99 cent downloads at iTMS. Much if not all of the discussion surrounding the “value” of a song at the iTunes Music Store has missed the real reason Apple is loathe to fiddle with the song pricing.
Steve Jobs argues that consumers don’t want price confusion and that 99 cents is the sweet spot for preventing a return to the online music piracy that was rampant with Napster and the like before the iTunes/iPod phenomenon took off. I think he’s got a good point.
At least some of the music industry big wigs favor a variable pricing structure with older songs costing less (as low as 29 cents) and new songs costing more ($1.29 is a commonly cited figure). At least one research analyst believes that Apple could raise the song prices from .99 to $1.29 with marginal impact on consumer behavior.
Variable pricing makes a lot of sense to the music industry. Their older catalog generates little revenue—especially at pricing identical to the new stuff—so if price reductions allow music companies to make additional revenue from what to them is a essentially a dead track, they’re happy to do it. Similarly, if they can derive more revenue from their newer stuff, they’re thrilled to do that too.
Apple’s problem with all this—and once again Steve Jobs is being a touch disingenuous—is that their costs are fixed. Specifically, whether Apple sells a song for 29 cents or 99 cents, the bandwidth costs—the cost to electronically ship the song to the consumer—are the same. According to the National Association of Record Industry Professionals (NARIP), Apple grosses 34 cents from every 99 cent download. (Labels get 55 cents and artists 10 cents.) Tack on credit card charges (typically 25 cents on a $1 charge), and it quickly becomes apparent that Apple couldn’t offer 29 cent downloads as anything but a loss leader. Indeed, although Apple has assuredly worked out a relatively favorable agreement with the credit card companies, it is exceedingly doubtful that a 29 cent sale would leave any revenue whatsoever for Apple. And that’s prior to calculating bandwidth costs.
As many of Apple’s music company contracts expire in 2006, we will soon see how the issue gets resolved. Personally, I expect that some companies will for a short time pull their catalogs from iTMS, only to return within a year or two. The iTunes/iPod cycle may be broken, but I’ve not seen any contenders on the horizon yet. I think record companies will discover that it’s much easier to play with Apple than against them, which is a good thing because Apple won’t be moving to variable pricing anytime soon.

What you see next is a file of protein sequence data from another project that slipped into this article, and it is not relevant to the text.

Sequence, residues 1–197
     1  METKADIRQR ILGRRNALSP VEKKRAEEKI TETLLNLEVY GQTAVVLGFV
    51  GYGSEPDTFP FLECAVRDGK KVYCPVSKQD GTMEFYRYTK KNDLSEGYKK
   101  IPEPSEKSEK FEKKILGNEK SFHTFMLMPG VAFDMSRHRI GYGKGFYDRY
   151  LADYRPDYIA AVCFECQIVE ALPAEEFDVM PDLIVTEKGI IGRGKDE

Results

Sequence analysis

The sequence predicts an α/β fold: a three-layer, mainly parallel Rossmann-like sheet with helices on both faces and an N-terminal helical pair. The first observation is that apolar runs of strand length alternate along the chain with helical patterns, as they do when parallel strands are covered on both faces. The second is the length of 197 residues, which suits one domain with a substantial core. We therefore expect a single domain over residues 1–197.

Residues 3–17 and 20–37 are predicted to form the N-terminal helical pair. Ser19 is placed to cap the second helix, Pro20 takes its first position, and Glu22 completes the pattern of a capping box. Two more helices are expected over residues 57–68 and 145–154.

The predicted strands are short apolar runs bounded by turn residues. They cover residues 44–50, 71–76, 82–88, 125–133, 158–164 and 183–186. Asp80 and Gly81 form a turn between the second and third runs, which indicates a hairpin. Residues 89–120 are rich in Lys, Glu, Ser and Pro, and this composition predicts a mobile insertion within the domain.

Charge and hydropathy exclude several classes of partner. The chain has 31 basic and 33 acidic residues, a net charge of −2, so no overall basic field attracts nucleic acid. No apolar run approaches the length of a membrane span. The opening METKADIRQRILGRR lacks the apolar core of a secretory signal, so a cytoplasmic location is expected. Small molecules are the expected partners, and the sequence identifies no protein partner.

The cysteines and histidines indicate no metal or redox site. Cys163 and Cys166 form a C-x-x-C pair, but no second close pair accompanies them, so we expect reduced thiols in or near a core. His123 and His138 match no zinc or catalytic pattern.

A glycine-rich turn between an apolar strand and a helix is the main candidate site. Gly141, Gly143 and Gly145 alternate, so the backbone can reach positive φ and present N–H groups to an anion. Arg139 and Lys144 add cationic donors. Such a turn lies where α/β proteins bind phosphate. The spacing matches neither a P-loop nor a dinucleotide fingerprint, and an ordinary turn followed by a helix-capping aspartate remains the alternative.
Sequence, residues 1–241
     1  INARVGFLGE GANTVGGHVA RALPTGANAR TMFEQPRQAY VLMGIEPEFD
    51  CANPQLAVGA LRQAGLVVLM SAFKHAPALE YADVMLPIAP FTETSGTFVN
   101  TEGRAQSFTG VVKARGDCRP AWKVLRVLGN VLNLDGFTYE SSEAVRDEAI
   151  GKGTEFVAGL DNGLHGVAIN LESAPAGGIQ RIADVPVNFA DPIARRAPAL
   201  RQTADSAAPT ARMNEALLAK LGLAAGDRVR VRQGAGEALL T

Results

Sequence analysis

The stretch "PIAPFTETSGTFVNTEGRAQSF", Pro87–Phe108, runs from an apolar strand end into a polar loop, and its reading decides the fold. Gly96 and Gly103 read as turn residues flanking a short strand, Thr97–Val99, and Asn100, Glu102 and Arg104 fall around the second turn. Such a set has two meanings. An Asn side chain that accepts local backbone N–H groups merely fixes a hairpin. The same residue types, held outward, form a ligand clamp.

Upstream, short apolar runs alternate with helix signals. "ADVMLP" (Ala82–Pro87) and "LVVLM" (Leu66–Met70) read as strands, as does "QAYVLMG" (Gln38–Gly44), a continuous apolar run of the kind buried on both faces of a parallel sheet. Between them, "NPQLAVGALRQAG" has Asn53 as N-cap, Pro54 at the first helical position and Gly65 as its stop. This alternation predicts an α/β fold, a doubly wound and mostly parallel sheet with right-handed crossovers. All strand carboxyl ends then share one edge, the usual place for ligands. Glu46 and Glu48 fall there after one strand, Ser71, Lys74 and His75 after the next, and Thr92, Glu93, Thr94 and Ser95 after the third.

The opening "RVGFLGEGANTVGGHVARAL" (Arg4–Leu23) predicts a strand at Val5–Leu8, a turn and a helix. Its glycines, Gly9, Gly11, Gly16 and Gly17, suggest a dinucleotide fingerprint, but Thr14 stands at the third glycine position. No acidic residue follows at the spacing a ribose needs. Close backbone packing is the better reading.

Mac OS 10.4.2 Tiger. I’ve been running 10.4.2 for a month or two now, and this is my report. I love Widgets. And there are enough of them out there—over 1000 at last count—that you can probably find what you’re looking for if you’ve got a special need. And if you can’t find it, you can probably roll your own. They’re not that hard to create.
Spotlight hasn’t turned my crank. I love that it can do content searches within documents, but it’s rare that I need that, and the result is that I rarely use it. Maybe some other 10.4 user can show me what I’m missing since lots of folks seem to think this is the cat’s pajamas.
The system-wide Dictionary/Thesaurus is cool. I use it frequently.
Some of the applications (Safari, Mail, Address Book, iCal, etc.) have received nice updates. Nothing earthshaking in terms of features but pleasing nonetheless.
Ultimately, I think Tiger is a fine operating system that will be made better once they ship 10.4.3, a massive bug-fix update. It’s plenty usable at 10.4.2, but you can say the same for 10.3.9. In fact, I’m not convinced that Tiger is worth the upgrade from Panther (whereas I think that the upgrade from 10.2 Jaguar to 10.3 Panther is real deal).
The Mac Store. I have no idea what’s happened to the Salem Mac Store, but my dealings with them in recent weeks have really been shockingly poor. On the brighter side, they’ll still give you Apple Educational Pricing just for asking (and without having to provide proof, though I’m eligible through Erin). Without going into details, I’ll just say that I wouldn’t take my Macs to them for RAM upgrades. And I won’t take client Macs to them either. Draw your own conclusions.
SMUG.With Dave’s help I’ll be giving the feature presentation for next month’s Salem Macintosh Users Group (SMUG). That’ll be Tuesday, October 11 at 7 PM at Comfort Suites on Hawthorne in Salem. Free and open to the public. I’ll be there at 6:30 PM to answer questions at the Beginners’ Corner. My presentation is on QuickSilver, RSS, and Answers.com. Hope to see you there!